Duran v. Mandujano et al

Filing 102

REPORT AND RECOMMENDATION for Order Granting Motion to Dismiss for Failure to State a Claim. It is RECOMMENDED that Defendants' Motion to Dismiss be GRANTED and that defendants Mandujano, A. Hernandez, L. Hernandez, and Seaman be DISMISSED with prejudice. No later than September 20, 2017, any party to this action may file written objections with the Court and serve a copy on all parties. No replies to objections will be accepted. Signed by Magistrate Judge William V. Gallo on 8/22/2017.(All non-registered users served via U.S. Mail Service)(aef)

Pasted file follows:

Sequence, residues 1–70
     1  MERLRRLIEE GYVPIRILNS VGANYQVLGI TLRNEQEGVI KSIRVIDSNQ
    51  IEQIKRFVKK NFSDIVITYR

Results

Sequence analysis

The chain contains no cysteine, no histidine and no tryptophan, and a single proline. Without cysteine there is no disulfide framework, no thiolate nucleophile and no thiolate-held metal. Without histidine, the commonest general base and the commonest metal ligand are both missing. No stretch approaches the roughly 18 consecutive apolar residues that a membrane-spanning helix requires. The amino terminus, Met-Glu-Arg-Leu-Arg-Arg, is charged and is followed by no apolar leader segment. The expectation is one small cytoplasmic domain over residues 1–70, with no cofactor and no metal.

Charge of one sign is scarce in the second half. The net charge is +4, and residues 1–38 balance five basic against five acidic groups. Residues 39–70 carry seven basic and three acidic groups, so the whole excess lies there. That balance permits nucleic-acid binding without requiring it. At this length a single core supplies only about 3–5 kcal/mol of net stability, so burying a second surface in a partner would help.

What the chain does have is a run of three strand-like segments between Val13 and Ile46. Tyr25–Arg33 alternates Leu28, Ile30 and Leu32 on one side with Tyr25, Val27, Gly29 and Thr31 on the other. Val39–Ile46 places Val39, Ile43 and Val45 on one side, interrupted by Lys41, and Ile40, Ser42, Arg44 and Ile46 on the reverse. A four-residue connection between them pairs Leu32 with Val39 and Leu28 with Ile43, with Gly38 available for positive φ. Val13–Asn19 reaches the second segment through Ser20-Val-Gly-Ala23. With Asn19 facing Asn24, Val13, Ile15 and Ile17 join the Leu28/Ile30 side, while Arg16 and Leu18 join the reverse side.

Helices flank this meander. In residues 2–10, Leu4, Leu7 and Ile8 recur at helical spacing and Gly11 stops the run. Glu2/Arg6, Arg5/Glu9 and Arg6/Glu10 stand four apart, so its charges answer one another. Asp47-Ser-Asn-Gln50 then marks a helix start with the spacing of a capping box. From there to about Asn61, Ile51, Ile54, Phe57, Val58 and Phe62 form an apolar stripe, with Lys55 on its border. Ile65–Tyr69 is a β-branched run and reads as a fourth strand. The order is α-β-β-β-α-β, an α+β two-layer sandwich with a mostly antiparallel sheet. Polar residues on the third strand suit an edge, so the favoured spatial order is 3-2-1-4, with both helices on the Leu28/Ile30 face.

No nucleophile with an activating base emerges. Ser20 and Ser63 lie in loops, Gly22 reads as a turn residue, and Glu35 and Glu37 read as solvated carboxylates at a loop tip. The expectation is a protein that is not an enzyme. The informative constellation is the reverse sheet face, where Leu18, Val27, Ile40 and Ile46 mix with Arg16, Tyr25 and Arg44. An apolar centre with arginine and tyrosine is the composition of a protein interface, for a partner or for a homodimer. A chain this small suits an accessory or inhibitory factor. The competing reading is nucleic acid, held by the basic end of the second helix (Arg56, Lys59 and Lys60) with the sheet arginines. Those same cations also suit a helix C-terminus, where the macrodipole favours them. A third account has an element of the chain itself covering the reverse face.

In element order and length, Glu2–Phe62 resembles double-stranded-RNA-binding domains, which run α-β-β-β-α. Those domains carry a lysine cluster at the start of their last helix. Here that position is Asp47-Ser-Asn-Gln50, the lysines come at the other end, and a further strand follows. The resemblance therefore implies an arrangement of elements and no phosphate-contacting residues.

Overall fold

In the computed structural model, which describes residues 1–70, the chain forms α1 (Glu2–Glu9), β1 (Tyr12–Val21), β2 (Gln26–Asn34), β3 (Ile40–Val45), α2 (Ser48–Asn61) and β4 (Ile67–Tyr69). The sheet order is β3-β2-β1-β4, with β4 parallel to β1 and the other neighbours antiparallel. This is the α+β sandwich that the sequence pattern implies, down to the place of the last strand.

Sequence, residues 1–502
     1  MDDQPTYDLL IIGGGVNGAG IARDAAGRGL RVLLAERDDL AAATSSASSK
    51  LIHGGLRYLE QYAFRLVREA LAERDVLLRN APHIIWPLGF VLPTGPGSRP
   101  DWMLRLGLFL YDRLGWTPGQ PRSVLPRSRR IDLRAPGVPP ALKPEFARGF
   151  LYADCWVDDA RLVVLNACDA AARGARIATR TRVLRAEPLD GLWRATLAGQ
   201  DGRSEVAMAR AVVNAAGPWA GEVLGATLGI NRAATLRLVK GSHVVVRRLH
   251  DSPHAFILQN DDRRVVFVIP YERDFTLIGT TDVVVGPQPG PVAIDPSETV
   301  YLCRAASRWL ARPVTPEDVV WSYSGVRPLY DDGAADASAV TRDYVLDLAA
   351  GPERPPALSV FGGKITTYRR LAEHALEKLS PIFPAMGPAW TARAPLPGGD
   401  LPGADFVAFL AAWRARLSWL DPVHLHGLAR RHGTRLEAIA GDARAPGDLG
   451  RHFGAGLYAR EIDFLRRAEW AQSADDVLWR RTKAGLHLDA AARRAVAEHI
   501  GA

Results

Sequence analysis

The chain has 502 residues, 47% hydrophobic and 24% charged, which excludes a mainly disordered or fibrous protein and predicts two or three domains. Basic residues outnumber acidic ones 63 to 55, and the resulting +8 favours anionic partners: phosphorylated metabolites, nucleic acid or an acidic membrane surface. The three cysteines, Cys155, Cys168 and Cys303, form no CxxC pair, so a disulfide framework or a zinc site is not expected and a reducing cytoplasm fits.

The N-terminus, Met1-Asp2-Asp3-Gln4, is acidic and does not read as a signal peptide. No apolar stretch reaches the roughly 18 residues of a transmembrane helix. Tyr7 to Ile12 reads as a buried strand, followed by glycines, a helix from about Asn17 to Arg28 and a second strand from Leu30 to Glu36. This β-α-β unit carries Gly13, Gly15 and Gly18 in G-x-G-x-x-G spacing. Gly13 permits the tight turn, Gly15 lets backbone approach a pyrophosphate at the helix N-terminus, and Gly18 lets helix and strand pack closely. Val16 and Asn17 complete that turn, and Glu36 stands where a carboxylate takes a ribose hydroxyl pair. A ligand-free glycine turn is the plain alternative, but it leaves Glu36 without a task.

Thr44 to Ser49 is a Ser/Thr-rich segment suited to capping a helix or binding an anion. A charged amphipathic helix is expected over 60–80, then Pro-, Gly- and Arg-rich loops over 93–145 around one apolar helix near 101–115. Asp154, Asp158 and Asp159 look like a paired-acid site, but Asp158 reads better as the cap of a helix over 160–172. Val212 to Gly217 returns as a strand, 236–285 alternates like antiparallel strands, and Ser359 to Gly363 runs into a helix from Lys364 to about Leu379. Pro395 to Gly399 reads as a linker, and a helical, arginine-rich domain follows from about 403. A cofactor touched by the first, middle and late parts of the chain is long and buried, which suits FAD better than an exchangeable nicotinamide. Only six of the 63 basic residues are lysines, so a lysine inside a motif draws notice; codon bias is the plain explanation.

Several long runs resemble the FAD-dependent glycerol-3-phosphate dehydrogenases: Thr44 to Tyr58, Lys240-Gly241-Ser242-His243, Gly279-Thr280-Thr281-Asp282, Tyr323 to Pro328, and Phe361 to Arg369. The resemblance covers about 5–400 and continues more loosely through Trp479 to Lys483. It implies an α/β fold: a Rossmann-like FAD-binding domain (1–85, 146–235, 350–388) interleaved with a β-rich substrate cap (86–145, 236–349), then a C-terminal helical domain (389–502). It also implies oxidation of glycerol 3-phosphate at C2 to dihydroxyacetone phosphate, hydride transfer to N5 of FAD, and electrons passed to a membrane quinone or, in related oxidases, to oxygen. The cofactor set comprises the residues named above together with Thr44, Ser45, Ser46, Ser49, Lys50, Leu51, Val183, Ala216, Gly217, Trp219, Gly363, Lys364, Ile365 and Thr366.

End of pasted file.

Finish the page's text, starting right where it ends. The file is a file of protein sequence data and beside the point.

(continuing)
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1 2 3 4 5 6 7 8 UNITED STATES DISTRICT COURT 9 SOUTHERN DISTRICT OF CALIFORNIA 10 11 DAVID B. DURAN, Case No.: 15-CV-2745-DMS-WVG Plaintiff, 12 13 14 REPORT AND RECOMMENDATION FOR ORDER GRANTING MOTION TO DISMISS FOR FAILURE TO STATE A CLAIM v. OMAR MANDUJO, et al, Defendants. 15 [ECF No. 94] 16 17 18 Pending before the Court is a Motion to Dismiss (“Motion”) Plaintiff David B. 19 Duran’s (“Plaintiff”) Fourth Amended Complaint (“FAC”) for failure to state a claim 20 pursuant to Federal Rule of Civil Procedure 12(b)(6) filed by Defendants Omar 21 Mandujano, Alfredo Hernandez, Luis Hernandez, and John Seaman (collectively 22 “Defendants”). As explained below, the Court RECOMMENDS the Motion be 23 GRANTED with prejudice. 24 I. BACKGROUND 25 Plaintiff, a state prisoner proceeding pro se and in forma pauperis, filed a civil rights 26 Complaint pursuant to 42 U.S.C. § 1983 on December 7, 2015, alleging Defendants 27 violated his rights guaranteed under the Fourth and Eighth Amendments of the United 28 States Constitution. (ECF No. 1.) On August 2, 2016, Plaintiff filed a Motion for Leave to 1 15-CV-2745-DMS-WVG 1 File an Amended Complaint in order to add two exhibits. (ECF No. 33.) The Court granted 2 the motion and ordered Plaintiff to file his First Amended Complaint by September 2, 2016. 3 (ECF No. 34.) On August 18, 2016, Plaintiff filed a Motion to Amend Document No. 33 4 by Permission of the Court, requesting the Court to construe his previous motion as his 5 First Amended Complaint. (ECF No. 37.) On August 23, 2016, the Court granted the 6 motion and deemed as the First Amended Complaint the complaint and the exhibits filed 7 in the Motion for Leave to File an Amended Complaint. (ECF No. 40.) 8 On September 8, 2016, Defendants filed a motion to dismiss Plaintiff’s First 9 Amended Complaint for failure to state a claim. (ECF No. 41.) On January 31, 2017, this 10 Court filed a Report and Recommendation (“R&R”), recommending Defendants’ motion 11 be granted in part with leave to amend and granted in part without leave to amend. (R&R, 12 ECF No. 64.) On March 2, 2017, the Honorable Dana M. Sabraw adopted the R&R, granted 13 Defendants’ motion, and dismissed Plaintiff’s First Amended Complaint with leave to 14 amend. (ECF No. 69.) 15 On April 7, 2017 Plaintiff filed a Second Amended complaint, followed by a Motion 16 to Amend on April 11, 2017. (ECF Nos. 73, 76.) In his Motion, Plaintiff requested leave 17 to amend in order to add newly identified defendants Larry Lewis1 and Jonta Yancy. (ECF 18 No. 76.) The motion was granted and on April 26, 2017, Plaintiff filed his Third Amended 19 Complaint, naming defendants Lewis and Yancy but omitting defendants Mandujano, A. 20 Hernandez, L. Hernandez, and Seaman. (ECF No. 80.) Defendants filed duplicative 21 motions for entry of judgment in favor of the unnamed defendants on April 27, 2017 and 22 May 11, 2017, arguing their omission was tantamount to voluntary dismissal. (ECF Nos. 23 82, 86.) On May 10, 2017, the Court granted Plaintiff leave to file a Fourth Amended 24 Complaint that includes “all allegations against all defendants in one document no later 25 than June 15, 2017.” (ECF No. 85 at 2:1-2.) 26 27 28 1 Erroneously sued as “Larry Louis” in both the motion, Third Amended Complaint, and the FAC. (See ECF No. 91 at 2:1-6.) 2 15-CV-2745-DMS-WVG 1 Plaintiff filed his Fourth Amended Complaint on May 19, 2017, naming as 2 defendants Mandujano, A. Hernandez, L. Hernandez, Seaman, Lewis, and Yancy.2 (ECF 3 No. 89.) In the Fourth Amended Complaint, Plaintiff alleges the following: (1) violations 4 of his Fourth Amendment rights through the execution of an invalid search warrant; (2) use 5 of excessive force in executing the search warrant in violation of his Eighth Amendment 6 rights; and (3) illegal search and seizure and cruel and unusual punishment in violation of 7 the his Fourth and Eighth Amendment rights.3 (ECF No. 89.) 8 On June 2, 2017, defendants Mandujano, A. Hernandez, L. Hernandez, and Seaman 9 filed a Motion to Dismiss for Failure to State a Claim. (Motion, ECF No. 94.) On July 13, 10 2017, Plaintiff filed a Response in Opposition to the motion.4 (Pl. Opp’n., ECF No. 99.) 11 Defendants’ filed a Reply on August 11, 2017. (Reply, ECF No. 101.) 12 II. LEGAL STANDARD 13 Federal Rule of Civil Procedure 12(b)(6) permits a party to raise by motion the 14 defense that the complaint “fail[s] to state a claim upon which relief can be granted,” 15 generally referred to as a motion to dismiss. Fed. R. Civ. P. 12(b)(6). The Court evaluates 16 whether a complaint states a cognizable legal theory and sufficient facts in light of Federal 17 Rule of Civil Procedure 8(a), which requires a “short and plain statement of the claim 18 showing that the pleader is entitled to relief.” Fed. R. Civ. P. 8(a). Although Rule 8 “does 19 not require ‘detailed factual allegations,’ . . . it [does] demand[] more than an unadorned, 20 the-defendant-unlawfully-harmed-me accusation.” Ashcroft v. Iqbal, 556 U.S. 662, 678 21 22 2 23 24 25 26 27 28 After receiving Plaintiff’s Fourth Amended Complaint, naming Defendants that were omitted in the Third Amended Complaint, the Court denied Defendants’ motions for an entry of judgment in their favor. (See ECF No. 90.) 3 The third claim is directed at defendants Lewis and Yancy only. (FAC at 33.) 4 Plaintiff added numerous additional facts and claims against Defendants in his Response. (See Pl. Opp’n at 11:23-13:25.) However, these facts and claims will not be considered in determining the present Motion. See Schneider v. California Dept. of Corrections, 151 F.3d 1194, 1197 n. 1 (9th Cir. 1998) (“[N]ew allegations contained in the inmates’ opposition motion, however, are irrelevant for Rule 12(b)(6) purposes. In determining the propriety of a Rule 12(b)(6) dismissal, a court may not look beyond the complaint to a plaintiff’s moving papers, such as a memorandum in opposition to a defendant’s motion to dismiss.” (emphasis in original)) 3 15-CV-2745-DMS-WVG 1 (2009) (quoting Bell Atl. Corp. v. Twombly, 550 U.S. 544, 555 (2007)). In other words, “a 2 plaintiff's obligation to provide the ‘grounds' of his ‘entitle[ment] to relief’ requires more 3 than labels and conclusions, and a formulaic recitation of the elements of a cause of action 4 will not do.” Twombly, 550 U.S. at 555 (citing Papasan v. Allain, 478 U.S. 265, 286 5 (1986)). “Nor does a complaint suffice if it tenders ‘naked assertion[s]’ devoid of ‘further 6 factual enhancement.’” Iqbal, 556 U.S. at 677 (citing Twombly, 550 U.S. at 557). 7 “To survive a motion to dismiss, a complaint must contain sufficient factual matter, 8 accepted as true, to ‘state a claim to relief that is plausible on its face.’” Id. (quoting 9 Twombly, 550 U.S. at 570); see also Fed. R. Civ. P. 12(b)(6). A claim is facially plausible 10 when the facts pled “allow [ ] the court to draw the reasonable inference that the defendant 11 is liable for the misconduct alleged.” Id. (citing Twombly, 550 U.S. at 556). That is not to 12 say that the claim must be probable, but there must be “more than a sheer possibility that a 13 defendant has acted unlawfully.” Id. Facts “‘merely consistent with’ a defendant's liability” 14 fall short of a plausible entitlement to relief. Id. (quoting Twombly, 550 U.S. at 557). 15 Further, the Court need not accept as true “legal conclusions” contained in the complaint. 16 Id. This review requires context-specific analysis involving the Court's “judicial experience 17 and common sense.” Id. at 678 (citation omitted). “[W]here the well-pleaded facts do not 18 permit the court to infer more than the mere possibility of misconduct, the complaint has 19 alleged—but it has not ‘show[n]’—‘that the pleader is entitled to relief.’” Id. The Court 20 will grant leave to amend unless it determines that no modified contention “consistent with 21 the challenged pleadings … [will] cure the deficiency.” DeSoto v. Yello Freight Sys., Inc., 22 957 F.2d 655, 658 (9th Cir. 1992) (citation omitted). 23 Where, as here, a plaintiff appears pro se in a civil rights suit, the Court also must 24 be careful to construe the pleadings liberally and afford the plaintiff any benefit of the 25 doubt. Garmon v. Cty. of L.A., 828 F.3d 837, 846 (9th Cir. 2016). The rule of liberal 26 construction is “particularly important in civil rights cases.” Ferdik v. Bonzelet, 963 F.2d 27 1258, 1261 (9th Cir. 1992). In construing a pro se civil rights complaint liberally, however, 28 a court may not “supply essential elements of the claim that were not initially pleaded.” 4 15-CV-2745-DMS-WVG 1 Ivey v. Bd. of Regents of the Univ. of Alaska, 673 F.2d 266, 268 (9th Cir. 1982). “Vague 2 and conclusory allegations of official participation in civil rights violations are not 3 sufficient to withstand a motion to dismiss.” Id. Thus, at a minimum, even the pro se 4 plaintiff “must allege with at least some degree of particularity overt acts which defendants 5 engaged in that support [his] claim.” Jones v. Cmty. Redevelopment Agency, 733 F.2d 646, 6 649 (9th Cir. 1984) (internal quotations and citation omitted). 7 The Court should grant a pro se litigant leave to amend his complaint “unless it 8 determines that the pleading could not possibly be cured by the allegation of other facts.” 9 Lopez v. Smith, 203 F.3d 1122, 1127 (9th Cir. 2000) (internal quotation omitted). Before 10 dismissing a complaint filed by a pro se plaintiff, a court must give some notice of the 11 complaint’s deficiencies. See Cato v. United States, 70 F.3d 1103, 1106 (9th Cir. 1995). 12 Nevertheless, when amendment of a pro se litigant’s complaint would be futile, denial of 13 leave to amend is appropriate. See James v. Giles, 221 F.3d 1074, 1077 (9th Cir. 2000). 14 III. DISCUSSION 15 A. Judicial Notice 16 Defendants request the Court take judicial notice of Plaintiff’s First Amended 17 Complaint and its attached exhibits. (ECF No. 94-2.) The Court declines to do so. 18 “Generally, a court may not consider material beyond the complaint in ruling on a 19 [motion to dismiss].” Intri-Plex Technologies, Inc. v. Crest Group, Inc., 499 F.3d 1048, 20 1052 (9th Cir. 2007) (citation omitted). A court may “take judicial notice of matters of 21 public record without converting a motion to dismiss into a motion for summary judgment, 22 as long as the facts noticed are not subject to reasonable dispute.” Id. “However, it is well- 23 established that an amended complaint supersedes the original, the latter being treated 24 thereafter as non-existent.” Valadez-Lopez v. Chertoff, 656 F.3d 851, 857 (9th Cir. 2011) 25 (quotation omitted); see also Rhodes v. Robinson, 621 F.3d 1002, 1005 (9th Cir. 2010) 26 (applying the same standard to a pro se prisoner’s second amended complaint made 27 pursuant to § 1983). 28 Had Plaintiff merely filed a Second Amended Complaint, the court would consider 5 15-CV-2745-DMS-WVG 1 the First Amended Complaint as non-existent. In the instant case, Petitioner has filed a 2 Fourth Amended Complaint. Even were the Court to disregard Plaintiff’s Third Amended 3 Complaint as mistakenly filed, Plaintiff’s First Amended Complaint is far superseded by 4 subsequently filed complaints and the Court treats it as non-existent. Accordingly, the 5 Court declines to judicially notice the First Amended Complaint and its exhibits. 6 B. § 1983 Claims 7 In Plaintiff’s FAC, he states the following claims against Defendants: (1) violations 8 of his Fourth Amendment rights through the execution of an invalid search warrant; and 9 (2) use of excessive force in executing the search warrant in violation of his Fourth and 10 Eighth Amendment rights. (FAC at 4, 16.) Defendants argue the FAC should be dismissed, 11 arguing Plaintiff fails to allege a single claim for relief because Plaintiff “fail[ed] to re- 12 allege the factual allegations concerning the incident which is the subject of this lawsuit.” 13 (P&A at 8:16-17.) 14 i. Applicable Law 15 “Section 1983 provides a cause of action for ‘the deprivation of any rights, 16 privileges, or immunities secured by the Constitution and laws’ of the United States.” 17 Wilder v. Va. Hosp. Ass’n, 496 U.S. 498, 508 (1990) (quoting 42. U.S.C. § 1983), 18 superseded on other grounds by statute, 42 C.F.R. § 430.0. To prevail on a claim for 19 violation of constitutional rights under 42 U.S.C. § 1983, a plaintiff must prove two 20 elements: (1) that a person acting under the color of state law committed the conduct at 21 issue; and (2) that the conduct deprived the plaintiff of some right, privilege, or immunity 22 conferred by the Constitution or the laws of the United States. See Nelson v. Campbell, 541 23 U.S. 637, 643 (2004). “Dismissal of a § 1983 claim following a Rule 12(b)(6) motion is 24 proper if the complaint is devoid of factual allegations that gave rise to a plausible inference 25 of either element.” Naffe v. Frey, 789 F.3d 1030, 1036 (9th Cir. 2015). 26 ii. Invalid Search Warrant 27 Plaintiff appears to question the validity of a search warrant in his FAC. However, a 28 thorough review of this claim reveals that it is almost entirely devoid of factual allegations. 6 15-CV-2745-DMS-WVG 1 Rather, the claim is merely excerpts of case law mixed with objections to this Court’s 2 previous R&R along with requests for explanation from both the Court and Defendants. 3 Plaintiff simply states that “the warrant in question is flawed by defects, more th[a]n 4 harmless error.” (FAC at 7:1-3.) After block quoting a portion of a warrant that is attached 5 as an exhibit and block quoting sections of California Vehicle Code, Plaintiff then states 6 “[t]his was infact (sic) an unnecessary blood draw/DNA extraction.” (FAC at 7:7-8:15.) 7 However, these are nothing more than “legal conclusion[s]” and the Court need not accept 8 them as true. Iqbal, 556 U.S. at 677. Plaintiff then appears to object to this Court’s previous 9 R&R. (FAC at 9:15-10:4.) Setting aside the legal conclusions and construing the FAC 10 liberally, Plaintiff’s claim does not even reach the point where it could be called a “naked 11 assertion” as it is devoid of any facts. Iqbal, 556 U.S. at 677. Furthermore, the claim only 12 mentions defendant Mandujano’s name once, merely identifying him as a defendant, and 13 does not mention defendants A. Hernandez, L. Hernandez, or Seaman at all. Thus, Plaintiff 14 has failed to “allege with at least some degree of particularity overt acts which defendants 15 engaged in that support [his] claim.” Jones, 733 F.2d at 649. Given this, the Court is unable 16 to draw a “reasonable inference” that Defendants are “liable for the misconduct alleged.” 17 Iqbal, 556 U.S. at 677. 18 Accordingly, the Court RECOMMENDS Defendants’ Motion be GRANTED and 19 Plaintiff’s claim that Defendants violated his Fourth Amendment rights by executing an 20 invalid search warrant be DISMISSED. 21 iii. Excessive Force 22 Plaintiff’s second claim is for excessive force in violation of the Fourth and Eighth 23 Amendments. (FAC at 16.) However, there is no factual description of any force, let alone 24 excessive force, in the entire claim. Plaintiff also fails to name a single defendant and 25 identify how any of the defendants engaged in any misconduct.5 Similar to the first claim, 26 27 28 5 The Court notes the claim contains the names of defendants Mandujano and Seaman but only in the context of a block quote of this Court’s previous R&R. (See FAC at 18:14-18.) See also Youngblood v. 7 15-CV-2745-DMS-WVG 1 Plaintiff spends the majority of the claim for excessive force block quoting and objecting 2 to this Court’s previous R&R. Thus, Plaintiff has failed to “allege with at least some degree 3 of particularity overt acts which defendants engaged in that support [his] claim.” Jones, 4 733 F.2d at 649. Given this, the Court is unable to draw a “reasonable inference” that 5 Defendants are “liable for the misconduct alleged.” Iqbal, 556 U.S. at 677. 6 Accordingly, the Court RECOMMENDS Defendants’ Motion be GRANTED and 7 Plaintiff’s claim that Defendants violated his Fourth and Eighth Amendment rights by 8 using excessive force be DISMISSED. 9 C. Leave To Amend 10 Federal Rule of Civil Procedure 15(a)(2) provides that “a party may amend its 11 pleading only with the opposing party's written consent or the court's leave. The court 12 should freely grant leave when justice so requires.” Fed. R. Civ. P. 15(a)(2). When 13 determining whether to grant leave to amend, courts weigh certain factors: “undue delay, 14 bad faith or dilatory motive on the part of [the party who wishes to amend a pleading], 15 repeated failure to cure deficiencies by amendments previously allowed, undue prejudice 16 to the opposing party by virtue of allowance of the amendment, [and] futility of amendment 17 [.]” Foman v. Davis, 371 U.S. 178, 182 (1962). 18 Although prejudice to the opposing party “carries the greatest weight[,]...a strong 19 showing of any of the remaining Foman factors” can justify the denial of leave to amend. 20 Eminence Capital, LLC v. Aspeon, Inc., 316 F.3d 1048, 1052 (9th Cir. 2003) (per curiam). 21 Analysis of these factors can overlap. For instance, a party's “repeated failure to cure 22 deficiencies” constitues “a strong indication that the [party] has no additional facts to 23 plead” and “that any attempt to amend would be futile[.]” Zucco Partners, LLC v. Digimarc 24 Corp., 552 F.3d 981, 988, 1007 (9th Cir. 2009) (internal quotation marks omitted) 25 (upholding dismissal of complaint with prejudice when there were “three iterations of [the] 26 27 28 People, 2011 WL 5036995, at *1 (C.D. Cal. 2011) (a court need not consider references to previously filed complaints made in subsequent amended complaints.). 8 15-CV-2745-DMS-WVG 1 allegations—none of which, according to [the district] court, was sufficient to survive a 2 motion to dismiss”); see also: Simon v. Value Behavioral Health, Inc., 208 F.3d 1073, 1084 3 (9th Cir. 2000) (affirming dismissal without leave to amend where plaintiff failed to correct 4 deficiencies in complaint, where court had afforded plaintiff opportunities to do so, and 5 had discussed with plaintiff the substantive problems with his claims), amended by 234 6 F.3d 428, overruled on other grounds by Odom v. Microsoft Corp., 486 F.3d 541, 551 (9th 7 Cir. 2007); Plumeau v. Sch. Dist. # 40 Cnty. of Yamhill, 130 F.3d 432, 439 (9th Cir. 1997) 8 (denial of leave to amend appropriate where further amendment would be futile). 9 Including the initial complaint, Plaintiff has now had five opportunities to state a 10 claim for which relief could be granted. When recommending dismissal of Plaintiff’s First 11 Amended Complaint, this Court advised Plaintiff of the deficiencies of that complaint for 12 his claims regarding the warrant and excessive force. (See R&R at 11:1-14, 11:19-12:7.) 13 In the order adopting the first Report and Recommendation, the Honorable Dana M. 14 Sabraw granted Plaintiff leave to file a second amended complaint and again advised 15 Plaintiff to “cure[] the pleading deficiencies identified in the R&R.” (ECF No. 69 at 2.) 16 When this Court granted Plaintiff’s request to file a Third Amended Complaint, Plaintiff 17 was yet again advised the complaint “must specifically allege facts” and “precisely identify 18 which cause(s) of action are brought against each person.” (ECF No. 77.) Plaintiff failed 19 to heed these warnings when filing his Third and now Fourth Amended Complaint. 20 Plaintiff’s repeated failure to cure deficiencies is a strong indication to the Court that 21 Plaintiff has no additional facts to plead. Given this, the Court finds that any further 22 attempts to amend would be futile. Accordingly, the Court RECOMMENDS that 23 defendants Mandujano, A. Hernandez, L. Hernandez, and Seaman be DISMISSED WITH 24 PREJUDICE. 25 IV. CONCLUSION 26 For the reasons set forth herein, it is RECOMMENDED that Defendants’ Motion 27 to Dismiss be GRANTED and that defendants Mandujano, A. Hernandez, L. Hernandez, 28 and Seaman be DISMISSED with prejudice. This Report and Recommendation is 9 15-CV-2745-DMS-WVG 1 submitted to the United States District Judge assigned to this case, pursuant to the 2 provisions of 28 U.S.C. § 636(b)(1)(1988) and Federal Rule of Civil Procedure 72(b). 3 IT IS ORDERED that no later than September 20, 2017, any party to this action 4 may file written objections with the Court and serve a copy on all parties. The document 5 shall be captioned “Objections to Report and Recommendation.” The parties are advised 6 that failure to file objections within the specified time may waive the right to raise those 7 objections on appeal of the Court’s order. Martinez v. Ylst, 951 F.2d 1153 (9th Cir. 1991). 8 9 10 11 IT IS FURTHER ORDERED no replies to objections will be accepted, and the motion will be deemed taken under submission on September 20, 2017. IT IS SO ORDERED. Dated: August 22, 2017 12 13 14 15 16 17 18 19 20 21 22 23 24 25 26 27 28 10 15-CV-2745-DMS-WVG